Three UNC Gillings students selected for new national leadership program

September 13, 2016

How do we create better, more equitable health for all? That’s the question that three students in the UNC Gillings School of Global Public Health will explore as part of the new Health Policy Research Scholars program.

Participating students are from communities that — by race, ethnicity, socio-economic status and other factors — traditionally are underrepresented in doctoral programs and policy development. One goal of the Health Policy Research Scholars program, which is led by Johns Hopkins University with support from the Robert Wood Johnson Foundation (RWJF), is to diversify the next generation of leaders who will help ensure equity in health policies.

From the Gillings School, Samuel Baxter, MPH, and Paul Shafer, MA, both are doctoral students of health policy and management. Jennifer Richmond is a doctoral student in the Department of Health Behavior.

Samuel Baxter

Samuel Baxter

Jennifer Richmond

Jennifer Richmond

Paul Shafer

Paul Shafer

Baxter is co-president of the Minority Student Caucus at UNC Gillings, and his research largely focuses on improving the lived experiences of boys and men of color as they relate to health across the life trajectory. Richmond works as a research associate with the American Institutes for Research, and Shafer is a research economist in the Center for Health Policy Science and Tobacco Research at RTI International.

“I am excited by the opportunity this award offers to learn and rethink health with a diverse network of scholars and mentors,” Baxter shared. “I intend to use this training to equip myself with the knowledge, skills and experiences needed to understand how to create healthier, more equitable communities.”

Richmond agreed. “I’m honored that the Robert Wood Johnson Foundation will support my research interests in exploring the determinants and implications of medical mistrust among African-American populations,” she said. “I plan to explore how policy can be used to change structural factors that influence overall health equity.”

As three of only 40 applicants selected to be 2016 Health Policy Research Scholars, these students represent the inaugural cohort of the new program. Now, with other scholars from across the country, they will collaborate and innovate to solve persistent challenges and advance a national Culture of Health — one that places well-being at the center of every aspect of life.

“These scholars are dedicated to advancing their field in a way that makes a positive and significant impact on their communities,” says Harolyn M.E. Belcher, MD, MHS, program director in the Health Policy Research Scholars Center for Diversity in Public Health Leadership Training. “In order to do so, they’re willing to forge a new path, learn how to do things differently and work collaboratively to achieve a healthier, more equitable society.”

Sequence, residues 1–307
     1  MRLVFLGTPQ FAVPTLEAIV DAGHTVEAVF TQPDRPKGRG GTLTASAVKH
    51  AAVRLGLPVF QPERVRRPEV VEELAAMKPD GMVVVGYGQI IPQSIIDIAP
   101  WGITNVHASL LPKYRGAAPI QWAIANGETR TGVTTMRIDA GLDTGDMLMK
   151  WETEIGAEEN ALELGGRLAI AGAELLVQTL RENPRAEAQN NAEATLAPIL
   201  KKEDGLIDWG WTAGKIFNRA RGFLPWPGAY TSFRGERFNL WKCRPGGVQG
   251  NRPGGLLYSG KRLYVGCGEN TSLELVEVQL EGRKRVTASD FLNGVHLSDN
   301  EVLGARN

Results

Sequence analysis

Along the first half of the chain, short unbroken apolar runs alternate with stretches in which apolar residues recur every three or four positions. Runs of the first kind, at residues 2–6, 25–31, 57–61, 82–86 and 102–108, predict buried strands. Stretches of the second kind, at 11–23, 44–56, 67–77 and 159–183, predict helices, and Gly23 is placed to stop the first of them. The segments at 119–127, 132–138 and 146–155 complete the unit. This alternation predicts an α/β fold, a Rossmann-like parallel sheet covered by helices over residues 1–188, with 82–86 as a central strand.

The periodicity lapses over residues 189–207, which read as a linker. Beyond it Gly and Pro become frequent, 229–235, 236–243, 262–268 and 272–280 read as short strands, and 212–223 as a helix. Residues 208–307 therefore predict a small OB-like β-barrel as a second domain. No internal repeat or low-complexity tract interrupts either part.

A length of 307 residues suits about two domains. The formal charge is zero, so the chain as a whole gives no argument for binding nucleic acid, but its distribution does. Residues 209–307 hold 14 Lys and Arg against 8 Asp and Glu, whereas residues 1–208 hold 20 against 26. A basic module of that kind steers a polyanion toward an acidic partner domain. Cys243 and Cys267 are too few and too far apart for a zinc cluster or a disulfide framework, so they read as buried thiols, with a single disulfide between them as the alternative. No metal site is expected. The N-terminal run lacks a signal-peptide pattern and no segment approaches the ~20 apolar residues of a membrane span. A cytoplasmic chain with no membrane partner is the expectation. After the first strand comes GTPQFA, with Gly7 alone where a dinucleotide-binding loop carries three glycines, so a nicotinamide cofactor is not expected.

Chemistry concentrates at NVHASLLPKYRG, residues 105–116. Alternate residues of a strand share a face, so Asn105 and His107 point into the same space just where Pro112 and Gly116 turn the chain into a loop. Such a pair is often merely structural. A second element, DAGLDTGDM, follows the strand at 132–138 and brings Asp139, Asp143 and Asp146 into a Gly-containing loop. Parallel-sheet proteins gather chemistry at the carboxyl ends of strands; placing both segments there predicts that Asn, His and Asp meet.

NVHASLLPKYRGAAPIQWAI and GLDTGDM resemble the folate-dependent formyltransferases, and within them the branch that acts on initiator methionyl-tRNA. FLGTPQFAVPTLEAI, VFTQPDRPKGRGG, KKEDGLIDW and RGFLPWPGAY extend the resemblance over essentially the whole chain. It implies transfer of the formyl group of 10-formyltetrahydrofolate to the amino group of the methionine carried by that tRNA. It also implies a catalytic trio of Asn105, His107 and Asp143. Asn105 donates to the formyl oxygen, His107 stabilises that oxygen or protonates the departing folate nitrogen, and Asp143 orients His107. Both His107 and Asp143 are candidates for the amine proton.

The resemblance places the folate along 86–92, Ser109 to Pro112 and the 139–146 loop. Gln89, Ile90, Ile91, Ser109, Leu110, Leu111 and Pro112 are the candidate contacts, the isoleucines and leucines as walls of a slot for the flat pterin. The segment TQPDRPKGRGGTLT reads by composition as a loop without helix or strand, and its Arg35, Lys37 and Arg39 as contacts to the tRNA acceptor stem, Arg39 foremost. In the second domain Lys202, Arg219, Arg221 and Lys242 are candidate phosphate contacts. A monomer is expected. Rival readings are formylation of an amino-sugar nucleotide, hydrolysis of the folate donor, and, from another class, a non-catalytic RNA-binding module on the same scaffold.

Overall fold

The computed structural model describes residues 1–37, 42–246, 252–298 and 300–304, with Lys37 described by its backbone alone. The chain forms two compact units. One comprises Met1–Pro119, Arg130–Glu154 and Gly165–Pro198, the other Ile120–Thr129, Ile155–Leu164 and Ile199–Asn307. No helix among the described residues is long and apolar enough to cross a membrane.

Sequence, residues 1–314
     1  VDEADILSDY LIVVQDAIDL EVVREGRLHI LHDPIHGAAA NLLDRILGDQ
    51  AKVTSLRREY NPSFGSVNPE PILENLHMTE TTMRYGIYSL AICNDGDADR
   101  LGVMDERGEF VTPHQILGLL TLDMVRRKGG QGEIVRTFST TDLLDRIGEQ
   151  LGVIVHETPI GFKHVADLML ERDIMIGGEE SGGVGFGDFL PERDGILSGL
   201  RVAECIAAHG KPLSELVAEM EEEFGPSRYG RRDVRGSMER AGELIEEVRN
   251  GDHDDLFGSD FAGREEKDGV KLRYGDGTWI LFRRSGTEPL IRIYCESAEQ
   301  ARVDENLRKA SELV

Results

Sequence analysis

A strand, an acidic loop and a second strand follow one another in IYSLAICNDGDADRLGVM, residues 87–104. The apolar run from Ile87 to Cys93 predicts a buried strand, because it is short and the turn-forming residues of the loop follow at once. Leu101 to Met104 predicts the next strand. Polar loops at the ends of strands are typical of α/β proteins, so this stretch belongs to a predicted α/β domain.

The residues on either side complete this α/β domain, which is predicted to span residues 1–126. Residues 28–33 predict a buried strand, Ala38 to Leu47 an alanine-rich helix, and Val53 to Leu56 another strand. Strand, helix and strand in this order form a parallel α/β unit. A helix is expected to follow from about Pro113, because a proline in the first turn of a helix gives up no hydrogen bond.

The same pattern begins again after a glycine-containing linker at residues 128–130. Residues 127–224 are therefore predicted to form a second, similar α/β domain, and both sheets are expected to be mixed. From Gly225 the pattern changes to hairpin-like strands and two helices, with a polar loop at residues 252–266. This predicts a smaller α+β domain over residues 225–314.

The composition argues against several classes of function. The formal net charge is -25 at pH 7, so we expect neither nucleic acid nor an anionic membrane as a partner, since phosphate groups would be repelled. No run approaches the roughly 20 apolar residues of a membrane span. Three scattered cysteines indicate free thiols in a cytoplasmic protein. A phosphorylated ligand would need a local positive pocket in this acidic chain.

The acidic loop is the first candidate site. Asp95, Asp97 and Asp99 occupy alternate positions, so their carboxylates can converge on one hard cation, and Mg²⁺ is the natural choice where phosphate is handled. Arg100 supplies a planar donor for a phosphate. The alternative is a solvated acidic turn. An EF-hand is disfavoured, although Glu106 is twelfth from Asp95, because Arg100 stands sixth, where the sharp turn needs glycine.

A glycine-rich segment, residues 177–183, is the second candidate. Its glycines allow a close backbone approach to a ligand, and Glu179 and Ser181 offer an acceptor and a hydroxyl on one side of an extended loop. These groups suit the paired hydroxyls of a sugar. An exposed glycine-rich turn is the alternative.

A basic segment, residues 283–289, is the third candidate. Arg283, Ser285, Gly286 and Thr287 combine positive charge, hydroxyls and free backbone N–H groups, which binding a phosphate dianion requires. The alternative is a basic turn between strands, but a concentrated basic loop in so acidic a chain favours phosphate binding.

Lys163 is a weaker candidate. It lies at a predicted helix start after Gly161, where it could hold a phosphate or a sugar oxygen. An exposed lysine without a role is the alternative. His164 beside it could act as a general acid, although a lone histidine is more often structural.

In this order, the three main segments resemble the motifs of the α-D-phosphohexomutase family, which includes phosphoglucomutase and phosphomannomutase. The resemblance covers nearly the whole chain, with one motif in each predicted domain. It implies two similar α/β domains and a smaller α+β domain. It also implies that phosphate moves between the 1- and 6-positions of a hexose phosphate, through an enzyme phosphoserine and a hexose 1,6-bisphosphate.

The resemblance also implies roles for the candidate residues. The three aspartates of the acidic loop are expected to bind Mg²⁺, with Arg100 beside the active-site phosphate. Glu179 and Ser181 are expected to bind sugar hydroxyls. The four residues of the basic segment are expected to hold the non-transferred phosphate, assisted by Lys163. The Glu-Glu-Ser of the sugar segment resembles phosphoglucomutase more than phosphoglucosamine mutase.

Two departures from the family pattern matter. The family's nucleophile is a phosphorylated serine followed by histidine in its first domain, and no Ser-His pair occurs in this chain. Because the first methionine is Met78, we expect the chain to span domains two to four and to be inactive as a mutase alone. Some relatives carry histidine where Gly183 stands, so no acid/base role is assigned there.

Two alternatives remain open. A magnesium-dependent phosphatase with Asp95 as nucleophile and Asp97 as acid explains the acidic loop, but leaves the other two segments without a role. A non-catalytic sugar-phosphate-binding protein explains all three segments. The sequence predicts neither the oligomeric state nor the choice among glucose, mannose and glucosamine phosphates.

As part of the program, the three students will conduct original research that will have impact in their local communities and beyond. Along the way, they will develop high-level leadership skills through professional coaching, mentoring, networking and an advanced health policy curriculum.

“I am honored to be chosen as part of the inaugural cohort of Health Policy Research Scholars,” said Shafer. “This program will help me integrate constructs that often play into our health and use of health care – like housing, education and urban design – into my research. Currently, I’m working to understand how to better reach and engage those who are still underutilizing high-value care, like cancer screenings, despite large increases in health insurance coverage under the Affordable Care Act. Along with my fellow scholars, I accept the challenge that we face in creating a Culture of Health in America over the next generation – for everyone.”


Additional partners providing training and coaching to scholars include: AcademyHealth, George Washington University, Mayo Clinic, University of California—Los Angeles and University of Michigan.

Health Policy Research Scholars is one of four new leadership development programs launched this year by RWJF and represents a four-year, multimillion dollar investment. The new programs join five existing leadership programs in advancing RWJF’s legacy of supporting the development and diversity of leaders impacting health. The 2017 application period for the newer programs will open in January; additional information is available at www.healthpolicyresearch-scholars.org.


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Gillings School of Global Public Health contact: David Pesci, director of communications, (919) 962-2600 or dpesci@unc.edu

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